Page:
For the Tudor and Stuart elite, luxurious clothing was an essential component of court life. Garments and accessories – and the way in which they were worn – conveyed important messages about wealth, gender, age, social position, marital status and religion.

This article features the changing tastes in fashionable attire in Great Britain in the 16th and 17th centuries. Using paintings, drawings and miniatures from the Royal Collection, and a number of rare surviving examples of clothing and accessories, it explores the style of the rich and famous of the Tudor and Stuart periods.

Man’s Formal Clothes about 1548

This refined man wore an over-outfit with full upper sleeves adding broadness to his shoulders, chic from around 1520. His doublet is free with a crease at the abdomen and skirts, and his upper stocks (breeches) are discrete from his hose for more noteworthy solace.

He has a cushioned ‘cod piece’ and his shirt is weaved in dark silk with little ornamentations at the neck, which in the long run will form into the ruff. His top is milder and more extensive and his shoes are less expansive in the toe than in the early years of Henry VIII.

Man’s Formal Clothes about 1600

This man of honor in this decade wore a cushioned doublet with pointed abdomen and short cushioned breeches, with tightening ‘canion’ at the knee, over which the stocking is pulled. The ‘Spanish’ shroud is vigorously embroidered.they as a rule wore a treated and accumulated ruff, created from the shirt neck ornamentation after around 1560. The gems incorporates the neckline of the Order of the Garter. Their cap would have been funnel shaped fit as a fiddle.

Lady’s Formal Dress about 1610

This woman shows the dress which originally showed up in the later pictures of Queen Elizabeth around 1580 and stayed in vogue in the rule of James I. The bodice is exceptionally since quite a while ago, pointed and solid, and the wide skirt is upheld by hip ‘boulsters’ of the ‘drum farthingale’.

The sleeves were wide with low neck area, and the ruff open to outline the face. It is cut with ribbon recently presented from Flanders and Spain. The creased fan in her grasp is a style received from China. Trendy women not, at this point wore a top and her revealed hair is dressed high with strips and quills.

 

Lady’s Day dress about 1634

This woman wears a delicate silk strolling dress with the short midriff and full streaming skirt in vogue from around 1620. The bodice of the dress is cut practically like a man’s doublet and similarly manly are her wide-plumed cap. She wears a fine wide Flemish ribbon neckline veiling the gold interlace on her bodice. For formal events the neck would be left uncovered, and the hair dressed with gems.

Man’s Day Clothes about 1629

The man above wore a suit with the new milder line. The short-waisted doublet with long skirts has cuts on the chest and sleeve, taking into account development. The knee-length breeches, full however not cushioned, are bolstered by snares inside the waistline. The strip ‘focuses’ at midsection and knee are embellishing overcomers of the binding hose supports generally medieval occasions. The ribbon cut ruff tumbles to the shoulders and the hair is long with a ‘lovelock’. Boots and gloves are of delicate calfskin.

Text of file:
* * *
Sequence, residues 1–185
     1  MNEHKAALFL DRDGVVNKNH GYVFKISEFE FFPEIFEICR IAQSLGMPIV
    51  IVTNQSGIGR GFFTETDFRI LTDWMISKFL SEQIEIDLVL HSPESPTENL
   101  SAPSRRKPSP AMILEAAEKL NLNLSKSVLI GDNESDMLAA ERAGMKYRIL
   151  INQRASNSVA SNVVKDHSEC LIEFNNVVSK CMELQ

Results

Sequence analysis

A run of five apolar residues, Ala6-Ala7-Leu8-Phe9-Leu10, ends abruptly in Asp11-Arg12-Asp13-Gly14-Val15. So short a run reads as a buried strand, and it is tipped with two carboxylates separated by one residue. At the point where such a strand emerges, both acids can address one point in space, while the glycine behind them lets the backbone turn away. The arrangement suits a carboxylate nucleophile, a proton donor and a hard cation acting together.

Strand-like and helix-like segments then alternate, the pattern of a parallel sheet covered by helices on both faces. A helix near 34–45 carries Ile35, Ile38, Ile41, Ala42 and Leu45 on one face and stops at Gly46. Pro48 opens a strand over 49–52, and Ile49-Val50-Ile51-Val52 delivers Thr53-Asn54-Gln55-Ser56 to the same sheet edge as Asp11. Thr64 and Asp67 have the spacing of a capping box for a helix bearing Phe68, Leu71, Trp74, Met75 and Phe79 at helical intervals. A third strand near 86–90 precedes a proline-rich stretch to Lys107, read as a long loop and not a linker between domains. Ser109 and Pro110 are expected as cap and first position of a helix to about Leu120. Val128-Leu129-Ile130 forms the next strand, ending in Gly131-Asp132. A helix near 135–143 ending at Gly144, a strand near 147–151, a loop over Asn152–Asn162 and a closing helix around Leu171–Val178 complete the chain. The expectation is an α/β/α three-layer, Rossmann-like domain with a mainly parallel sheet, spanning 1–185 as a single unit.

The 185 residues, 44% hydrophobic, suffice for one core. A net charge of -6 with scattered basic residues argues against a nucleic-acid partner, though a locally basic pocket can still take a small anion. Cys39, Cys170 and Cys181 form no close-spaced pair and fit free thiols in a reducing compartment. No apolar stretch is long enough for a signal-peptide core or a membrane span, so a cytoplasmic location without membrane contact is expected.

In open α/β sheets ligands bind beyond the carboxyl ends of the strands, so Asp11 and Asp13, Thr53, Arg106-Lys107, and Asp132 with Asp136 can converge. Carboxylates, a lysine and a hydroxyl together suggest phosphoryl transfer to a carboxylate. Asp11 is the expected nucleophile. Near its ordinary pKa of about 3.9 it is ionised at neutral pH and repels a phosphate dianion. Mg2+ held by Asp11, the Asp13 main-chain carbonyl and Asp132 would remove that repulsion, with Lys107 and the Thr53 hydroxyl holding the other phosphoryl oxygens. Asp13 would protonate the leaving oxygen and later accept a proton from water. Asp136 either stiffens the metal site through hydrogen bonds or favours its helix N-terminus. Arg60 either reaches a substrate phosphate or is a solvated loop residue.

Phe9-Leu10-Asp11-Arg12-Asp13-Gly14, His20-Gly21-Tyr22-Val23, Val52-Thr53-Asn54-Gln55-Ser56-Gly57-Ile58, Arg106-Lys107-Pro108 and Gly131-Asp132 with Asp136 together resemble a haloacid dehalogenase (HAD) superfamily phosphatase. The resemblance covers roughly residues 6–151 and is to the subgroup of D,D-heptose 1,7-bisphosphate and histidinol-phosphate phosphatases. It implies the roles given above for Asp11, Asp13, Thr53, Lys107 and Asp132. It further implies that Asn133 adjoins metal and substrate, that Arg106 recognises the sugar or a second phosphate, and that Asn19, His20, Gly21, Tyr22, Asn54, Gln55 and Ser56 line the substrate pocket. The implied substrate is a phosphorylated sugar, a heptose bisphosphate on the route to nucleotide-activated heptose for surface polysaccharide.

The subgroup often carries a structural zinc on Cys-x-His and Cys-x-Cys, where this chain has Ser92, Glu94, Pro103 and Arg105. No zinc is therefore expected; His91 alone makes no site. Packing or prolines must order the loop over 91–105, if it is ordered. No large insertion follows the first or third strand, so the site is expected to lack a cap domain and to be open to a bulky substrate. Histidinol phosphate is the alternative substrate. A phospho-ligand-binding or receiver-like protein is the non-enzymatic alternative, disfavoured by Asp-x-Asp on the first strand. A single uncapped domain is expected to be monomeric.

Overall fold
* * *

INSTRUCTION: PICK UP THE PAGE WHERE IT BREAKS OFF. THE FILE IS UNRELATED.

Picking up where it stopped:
The period 1642 – 1651 was a period of contention known as The English Civil War between King Charles I and his adherents (frequently alluded to as Cavaliers) and Parliament. This was the second time of common war in England’s history, the first being the Wars of the Roses fought somewhere in the range of 1455 and 1487.

Lord Charles I was executed in 1649. The Third Civil War was battled between supporters of his child Charles II and Parliament and finished at the Battle of Worcester on third September 1651. The period after the Civil War is known as The Commonwealth and went on until the reclamation of King Charles II in 1660.

Man’s Day Clothes about 1650

This man of his word wears a suit dependent on the Dutch molds then well known. It has a short-non-solidified coat and wide breeches balancing free to the knee. Dull hues were commonly worn and not kept to adherents of Parliament. Coordinating interlace were accommodated cutting purposes. He additionally wears a shroud and a limited overflowed cone shaped cap.

Lady’s Formal Dress about 1674

The dress above shows the adjustment in the waistline in the skirt since 1640. The bodice is cut low and solidified with short sleeves gave to show more trim and the strip cut shift. The skirt is made to wear open, showing the intricately cut underskirt. Bogus twists were here and there added to the wide-dressed hair.

Lady’s Formal Dress about 1690

In the late seventeenth century, the dresses had gotten all the more hardened, formal and dependent on French court designs. Trim laces were sewed on the move to be appeared at the neck and sleeves. The most trademark include is the hair, starting to be dressed high in the 1680’s. This style was named after Mlle. de Fontanges, a most loved of Louis XIV, who is accepted to have started it. This tall headress was framed of a few columns of collapsed trim and strips, transcending the other and bolstered on wires.

– by Anushka Dwivedi

picture credits-(google images)

References

  1. https://www.historic-uk.com/CultureUK/Tudor-Stuart-Fashion/

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